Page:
Livelihoods in the discussion about economic safety in peripheral regions
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Uniwersytet Warszawski
Uniwersytet Marii Curie-Skłodowskiej w Lublinie
Publication date: 2015-06-30
JoMS 2015;25(2):241–260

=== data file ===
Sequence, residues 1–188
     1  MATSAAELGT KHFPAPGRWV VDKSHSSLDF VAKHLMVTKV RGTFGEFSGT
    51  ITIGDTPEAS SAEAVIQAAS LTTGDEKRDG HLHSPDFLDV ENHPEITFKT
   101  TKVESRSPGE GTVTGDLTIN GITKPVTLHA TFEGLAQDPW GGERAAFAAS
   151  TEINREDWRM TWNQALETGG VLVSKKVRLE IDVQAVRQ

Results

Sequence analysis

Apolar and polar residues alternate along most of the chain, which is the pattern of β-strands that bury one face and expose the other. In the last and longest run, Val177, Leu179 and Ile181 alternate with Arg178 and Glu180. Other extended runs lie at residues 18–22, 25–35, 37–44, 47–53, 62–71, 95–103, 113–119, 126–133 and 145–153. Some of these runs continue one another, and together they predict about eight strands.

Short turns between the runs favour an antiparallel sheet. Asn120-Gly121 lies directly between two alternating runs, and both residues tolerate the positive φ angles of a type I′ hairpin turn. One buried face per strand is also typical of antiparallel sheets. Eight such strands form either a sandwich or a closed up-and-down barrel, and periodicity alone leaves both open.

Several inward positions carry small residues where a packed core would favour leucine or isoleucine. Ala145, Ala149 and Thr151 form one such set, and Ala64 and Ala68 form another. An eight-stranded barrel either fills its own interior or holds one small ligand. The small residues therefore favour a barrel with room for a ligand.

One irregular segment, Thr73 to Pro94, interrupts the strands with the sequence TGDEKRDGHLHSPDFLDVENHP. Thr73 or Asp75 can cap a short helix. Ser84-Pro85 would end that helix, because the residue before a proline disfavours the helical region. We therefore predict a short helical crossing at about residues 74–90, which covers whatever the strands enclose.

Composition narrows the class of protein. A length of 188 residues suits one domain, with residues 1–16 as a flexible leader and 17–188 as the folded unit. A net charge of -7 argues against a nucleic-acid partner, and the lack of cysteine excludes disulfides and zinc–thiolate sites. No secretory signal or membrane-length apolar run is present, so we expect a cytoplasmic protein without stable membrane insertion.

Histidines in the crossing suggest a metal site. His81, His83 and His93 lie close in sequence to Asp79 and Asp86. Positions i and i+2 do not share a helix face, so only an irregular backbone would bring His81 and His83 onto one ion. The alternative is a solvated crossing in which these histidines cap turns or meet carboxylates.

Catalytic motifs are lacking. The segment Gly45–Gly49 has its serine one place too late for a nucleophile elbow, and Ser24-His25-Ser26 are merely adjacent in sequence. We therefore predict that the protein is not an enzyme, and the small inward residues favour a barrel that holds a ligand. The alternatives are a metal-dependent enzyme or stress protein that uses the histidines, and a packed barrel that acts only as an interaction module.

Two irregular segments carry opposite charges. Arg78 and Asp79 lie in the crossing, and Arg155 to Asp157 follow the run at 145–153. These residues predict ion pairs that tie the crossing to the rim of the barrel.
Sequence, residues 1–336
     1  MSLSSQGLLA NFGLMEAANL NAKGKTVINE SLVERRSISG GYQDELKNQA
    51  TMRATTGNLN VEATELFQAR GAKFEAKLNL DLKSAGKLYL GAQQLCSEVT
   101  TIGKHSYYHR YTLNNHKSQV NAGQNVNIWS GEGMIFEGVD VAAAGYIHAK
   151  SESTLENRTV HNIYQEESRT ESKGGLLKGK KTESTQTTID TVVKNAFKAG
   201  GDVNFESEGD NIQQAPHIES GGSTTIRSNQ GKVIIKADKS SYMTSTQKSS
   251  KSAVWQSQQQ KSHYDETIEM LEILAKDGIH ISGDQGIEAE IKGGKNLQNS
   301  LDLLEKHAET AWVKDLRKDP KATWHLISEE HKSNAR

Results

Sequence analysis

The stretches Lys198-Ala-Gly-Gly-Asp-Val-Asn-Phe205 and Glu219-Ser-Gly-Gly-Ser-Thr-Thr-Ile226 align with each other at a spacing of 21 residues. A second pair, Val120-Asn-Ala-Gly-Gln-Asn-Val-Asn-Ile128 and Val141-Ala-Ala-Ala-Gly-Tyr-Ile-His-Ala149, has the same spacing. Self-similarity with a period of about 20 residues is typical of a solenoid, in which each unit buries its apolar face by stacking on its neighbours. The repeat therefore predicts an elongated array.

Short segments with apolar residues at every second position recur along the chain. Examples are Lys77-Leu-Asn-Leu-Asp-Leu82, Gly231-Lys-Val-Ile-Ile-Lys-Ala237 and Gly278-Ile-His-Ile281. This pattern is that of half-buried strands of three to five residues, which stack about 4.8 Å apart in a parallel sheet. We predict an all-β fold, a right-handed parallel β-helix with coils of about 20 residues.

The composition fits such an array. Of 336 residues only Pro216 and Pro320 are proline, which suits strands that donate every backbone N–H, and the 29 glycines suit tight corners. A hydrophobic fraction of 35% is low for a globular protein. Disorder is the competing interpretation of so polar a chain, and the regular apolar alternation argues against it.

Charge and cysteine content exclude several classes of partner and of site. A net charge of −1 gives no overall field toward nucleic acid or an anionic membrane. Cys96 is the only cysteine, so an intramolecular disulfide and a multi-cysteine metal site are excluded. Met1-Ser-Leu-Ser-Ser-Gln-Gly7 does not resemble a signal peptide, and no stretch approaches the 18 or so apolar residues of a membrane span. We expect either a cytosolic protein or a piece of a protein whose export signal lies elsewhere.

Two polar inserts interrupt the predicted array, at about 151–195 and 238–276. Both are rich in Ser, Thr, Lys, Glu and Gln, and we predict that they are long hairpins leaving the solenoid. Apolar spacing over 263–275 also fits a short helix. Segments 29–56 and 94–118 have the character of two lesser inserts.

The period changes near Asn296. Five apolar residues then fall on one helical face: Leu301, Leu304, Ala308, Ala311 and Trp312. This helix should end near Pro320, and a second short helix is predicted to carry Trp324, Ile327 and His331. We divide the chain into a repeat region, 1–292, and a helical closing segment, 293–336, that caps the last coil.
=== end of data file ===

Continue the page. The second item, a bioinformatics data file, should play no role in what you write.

In the discussion on the possibilities for emerging from a state of backwardness and underdevelopment that may be available to rural parts of developing countries, and in the search for a concept that might help reduce poverty levels in these same areas, reference is made to various strands of thought through which authors basically evoke one or other of the fundamental “schools” of development present in the subject literature for more than three decades now. Last two decades at least have brought a downward trend for the numbers working in agriculture in the world as a whole, the share of the overall workforce engaged in this kind of activity remains considerable in many developing countries. Agriculture continues to represent a basic source of income, thanks to which large groups of people in rural areas continue to have upkeep. And while today’s world has a globalized system of food production, there remain – and continue in a strong position – the two key systems of farm production, i.e. commercial (albeit of diff ering magnitudes and production profi les) and subsistence (thanks to which the populations living in underdeveloped, poor and marginalized rural areas continue to be able to maintain their lives, if “only just”). Th e concept of livelihood used in this study is very useful in helping us understand the process of the accumulation – and the accessing – of certain non-material features and material goods known in general as assets, which allow each household or each community to devise a strategy by which the basic existential needs are to be safeguarded. Th ese are also sought in the context of features of the surroundings in which communities operate. It is accepted that the environment defi ned in this way is variable and vulnerable to all kinds of change, be this institutional, political or environmental (Carney 1998).